Picture by Vetustense Photorogue, creative commons

The emergence of the "alternative economy"

An alternative currency is any currency used as an alternative to the dominant national or multinational currency systems (usually referred to as national or fiat money). Alternative currencies can be created by an individual, corporation, or organisation, they can be created by national, state, or local governments, or they can arise naturally as people begin to use a certain commodity as a currency. In brief, they represent a desire for alternative monetary or exchange systems that can be trusted as well as build trust. The following offers an insight into the alternative economy in Europe:

  • The Cyprus crisis facilitated a greater circulation of Bitcoin, a completely electronic currency. It is now the most visible alternative currency among a wide range of currencies currently in play across Europe. Bitcoin, which is the world’s first online decentralised currency, has already spawned better versions of itself (“litecoin” and “PPCoin”).
  • A Time bank uses time; not money as its alternative currency. For every hour a person spends helping someone, he/she is entitled to an hour's help in return. Time banks can be found in many European states including, the UK, Greece, Spain, and many more.
  • In Spain, where communities, families and individuals have been hit particularly hard by the crisis, there has been recorded a total of 148 registered complementary currency communities (gulf-times.com). These new kinds of social or people’s currencies are springing up across the country.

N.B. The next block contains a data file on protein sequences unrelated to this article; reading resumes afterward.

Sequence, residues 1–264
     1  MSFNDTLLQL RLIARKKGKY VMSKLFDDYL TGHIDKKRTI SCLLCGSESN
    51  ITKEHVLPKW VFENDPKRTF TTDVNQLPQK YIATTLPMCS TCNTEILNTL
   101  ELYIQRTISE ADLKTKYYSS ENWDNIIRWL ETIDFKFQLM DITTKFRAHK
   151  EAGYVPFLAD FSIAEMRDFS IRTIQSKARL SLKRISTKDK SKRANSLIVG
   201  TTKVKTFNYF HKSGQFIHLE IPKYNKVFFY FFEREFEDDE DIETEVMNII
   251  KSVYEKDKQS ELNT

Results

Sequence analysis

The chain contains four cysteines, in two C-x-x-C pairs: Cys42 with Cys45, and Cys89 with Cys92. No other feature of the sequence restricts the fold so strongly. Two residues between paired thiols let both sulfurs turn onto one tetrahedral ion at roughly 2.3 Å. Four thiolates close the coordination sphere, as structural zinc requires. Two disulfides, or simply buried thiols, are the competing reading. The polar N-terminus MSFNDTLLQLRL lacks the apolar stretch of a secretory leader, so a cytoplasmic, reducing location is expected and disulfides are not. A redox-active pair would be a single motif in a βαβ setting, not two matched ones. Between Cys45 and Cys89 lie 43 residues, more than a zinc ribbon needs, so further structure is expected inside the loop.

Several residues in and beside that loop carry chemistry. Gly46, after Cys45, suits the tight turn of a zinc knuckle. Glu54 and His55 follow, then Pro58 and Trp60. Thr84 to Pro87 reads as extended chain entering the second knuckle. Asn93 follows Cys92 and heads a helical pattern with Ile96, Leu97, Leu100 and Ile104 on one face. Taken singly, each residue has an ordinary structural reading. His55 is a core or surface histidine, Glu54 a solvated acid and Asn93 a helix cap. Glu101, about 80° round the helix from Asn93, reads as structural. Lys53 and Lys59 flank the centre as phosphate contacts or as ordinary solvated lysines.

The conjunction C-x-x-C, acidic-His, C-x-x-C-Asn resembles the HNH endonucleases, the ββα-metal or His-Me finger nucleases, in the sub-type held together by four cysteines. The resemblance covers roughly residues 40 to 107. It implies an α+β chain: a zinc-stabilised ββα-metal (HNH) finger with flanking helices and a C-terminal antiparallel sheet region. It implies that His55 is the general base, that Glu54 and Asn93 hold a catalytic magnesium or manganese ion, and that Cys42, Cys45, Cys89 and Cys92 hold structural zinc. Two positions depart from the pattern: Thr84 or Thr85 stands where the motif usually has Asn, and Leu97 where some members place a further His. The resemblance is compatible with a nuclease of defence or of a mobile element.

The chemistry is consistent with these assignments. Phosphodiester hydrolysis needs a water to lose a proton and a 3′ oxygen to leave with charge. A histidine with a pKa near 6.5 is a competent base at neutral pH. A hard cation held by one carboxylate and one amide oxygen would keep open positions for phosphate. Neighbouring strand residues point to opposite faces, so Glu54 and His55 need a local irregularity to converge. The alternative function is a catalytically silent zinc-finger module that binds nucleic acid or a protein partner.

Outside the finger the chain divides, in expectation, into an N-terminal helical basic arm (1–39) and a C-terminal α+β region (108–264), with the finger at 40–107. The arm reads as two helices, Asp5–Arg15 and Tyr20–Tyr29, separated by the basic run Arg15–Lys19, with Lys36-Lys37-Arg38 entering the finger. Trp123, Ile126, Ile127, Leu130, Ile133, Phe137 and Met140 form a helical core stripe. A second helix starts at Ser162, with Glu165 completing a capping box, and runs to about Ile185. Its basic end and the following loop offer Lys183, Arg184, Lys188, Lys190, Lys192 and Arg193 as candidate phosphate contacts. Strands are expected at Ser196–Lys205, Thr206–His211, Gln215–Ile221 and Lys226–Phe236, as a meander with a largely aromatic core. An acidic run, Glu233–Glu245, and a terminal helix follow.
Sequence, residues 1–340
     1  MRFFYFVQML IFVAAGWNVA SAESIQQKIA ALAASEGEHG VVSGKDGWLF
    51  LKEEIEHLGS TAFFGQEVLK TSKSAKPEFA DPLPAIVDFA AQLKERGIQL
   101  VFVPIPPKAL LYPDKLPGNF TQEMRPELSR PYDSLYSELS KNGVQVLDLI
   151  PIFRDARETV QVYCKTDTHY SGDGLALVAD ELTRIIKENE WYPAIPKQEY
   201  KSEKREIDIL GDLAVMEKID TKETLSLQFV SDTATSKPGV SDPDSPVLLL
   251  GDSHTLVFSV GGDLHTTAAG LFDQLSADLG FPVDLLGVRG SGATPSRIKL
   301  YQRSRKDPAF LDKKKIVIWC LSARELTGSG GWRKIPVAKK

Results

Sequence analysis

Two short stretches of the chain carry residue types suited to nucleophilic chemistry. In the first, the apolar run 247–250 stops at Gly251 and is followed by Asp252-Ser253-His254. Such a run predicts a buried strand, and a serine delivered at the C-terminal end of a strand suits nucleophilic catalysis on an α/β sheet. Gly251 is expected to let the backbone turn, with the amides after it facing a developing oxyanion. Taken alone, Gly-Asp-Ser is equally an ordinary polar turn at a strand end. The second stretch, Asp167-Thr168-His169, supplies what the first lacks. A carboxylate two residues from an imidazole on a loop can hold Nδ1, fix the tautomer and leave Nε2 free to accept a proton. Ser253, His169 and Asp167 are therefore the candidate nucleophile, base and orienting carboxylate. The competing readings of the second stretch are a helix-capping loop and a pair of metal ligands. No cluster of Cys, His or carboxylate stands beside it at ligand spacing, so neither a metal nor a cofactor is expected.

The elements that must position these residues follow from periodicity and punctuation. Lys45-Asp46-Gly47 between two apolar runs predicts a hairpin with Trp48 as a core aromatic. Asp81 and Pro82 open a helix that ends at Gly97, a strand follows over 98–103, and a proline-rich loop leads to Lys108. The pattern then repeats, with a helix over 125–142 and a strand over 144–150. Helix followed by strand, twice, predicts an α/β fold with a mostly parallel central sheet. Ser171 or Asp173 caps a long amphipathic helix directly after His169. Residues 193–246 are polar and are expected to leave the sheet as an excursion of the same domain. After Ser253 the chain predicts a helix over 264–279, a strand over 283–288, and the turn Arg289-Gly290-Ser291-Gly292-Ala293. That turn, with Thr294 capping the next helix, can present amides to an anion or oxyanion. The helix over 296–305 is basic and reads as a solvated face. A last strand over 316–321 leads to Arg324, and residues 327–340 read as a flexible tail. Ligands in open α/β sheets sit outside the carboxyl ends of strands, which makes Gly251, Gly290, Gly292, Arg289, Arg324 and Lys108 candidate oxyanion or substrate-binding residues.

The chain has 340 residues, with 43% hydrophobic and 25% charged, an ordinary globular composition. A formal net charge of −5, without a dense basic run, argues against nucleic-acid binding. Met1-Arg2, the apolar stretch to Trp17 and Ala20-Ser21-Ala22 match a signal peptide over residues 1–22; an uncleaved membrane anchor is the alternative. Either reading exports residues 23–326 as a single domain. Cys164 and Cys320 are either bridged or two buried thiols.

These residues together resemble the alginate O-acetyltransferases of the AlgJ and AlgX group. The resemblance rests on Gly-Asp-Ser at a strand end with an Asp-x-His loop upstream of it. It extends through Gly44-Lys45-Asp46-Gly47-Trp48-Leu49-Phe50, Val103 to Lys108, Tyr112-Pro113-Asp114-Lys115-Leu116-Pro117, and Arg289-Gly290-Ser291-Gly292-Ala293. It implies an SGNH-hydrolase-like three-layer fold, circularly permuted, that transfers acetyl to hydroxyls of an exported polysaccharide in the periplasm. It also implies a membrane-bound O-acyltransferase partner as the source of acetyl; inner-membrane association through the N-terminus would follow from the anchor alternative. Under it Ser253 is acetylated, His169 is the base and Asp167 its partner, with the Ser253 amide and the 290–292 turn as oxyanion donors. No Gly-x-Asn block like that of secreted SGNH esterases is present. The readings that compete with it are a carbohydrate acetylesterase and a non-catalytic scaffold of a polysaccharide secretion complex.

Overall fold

• Barters offer another type of alternative currency. These are actually exchange systems, which only trade items; thus without the use of any currency whatsoever. The Netherlands has become well-known for its network of LETS (local exchange trading systems), which is a special form of barter that trades points for items.

Despite their many different names, the purpose of the social currencies is the same: to be an alternative to the euro and help people out. The goal is to create more cohesive communities, promote well-being for all, and enable people to find once more a sense of "normality" in the struggles that the crisis has presented to much of Europe.

* For further information on the different types of alternative currences, check out the examples provided below.



Auteur : Lorna Muddiman - Publié le : 2013-05-22 07:44 -

NOPPES, based in Amsterdam, is a 20 years old LETS (Local Exchange and Trading System). NOPPES's goal is to contribute to a more prosperous (social and economic) life of its members, who exchange talents, services and goods for ‘noppes’, a symbolic currency (noppes means ‘nothing’, no money).

Rushey Green Time Bank

Auteur : Lorna Muddiman - Publié le : 2013-05-21 08:15 -
Picture courtesy of Rushey Green Time Bank

Time Banking is a community development tool and works by facilitating the exchange of skills and experience within a community. The Rushey Green Time Bank's vision is to achieve a cohesive community in the Rushey Green area, where neighbours know neighbours and can rely on each other for help and support. Where people of different ages, cultures, backgrounds and abilities interact with each other on an equal footing and with mutual respect and understanding.

Time Bank of Athens

Auteur : Lorna Muddiman - Publié le : 2013-04-18 13:02 -

The Athens Time Bank was created in May 2011, at Sydagma Square, when thousands of people gathered there to participate in mass strikes and demonstrations.

How to set up a Timebank

Auteur : TOOLosophy - Publié le : 2013-02-28 15:07 -

Time banking is a p2p currency system where individual members exchange services on a voluntary basis with one another. Time banking values everyone’s time as equal. For every hour spent helping someone in your community, the contributor is entitled to an hour of help in return. The currency units are not money but hours of time spent by people on any type of labour (called a time dollar in the USA or a time credit in the UK).

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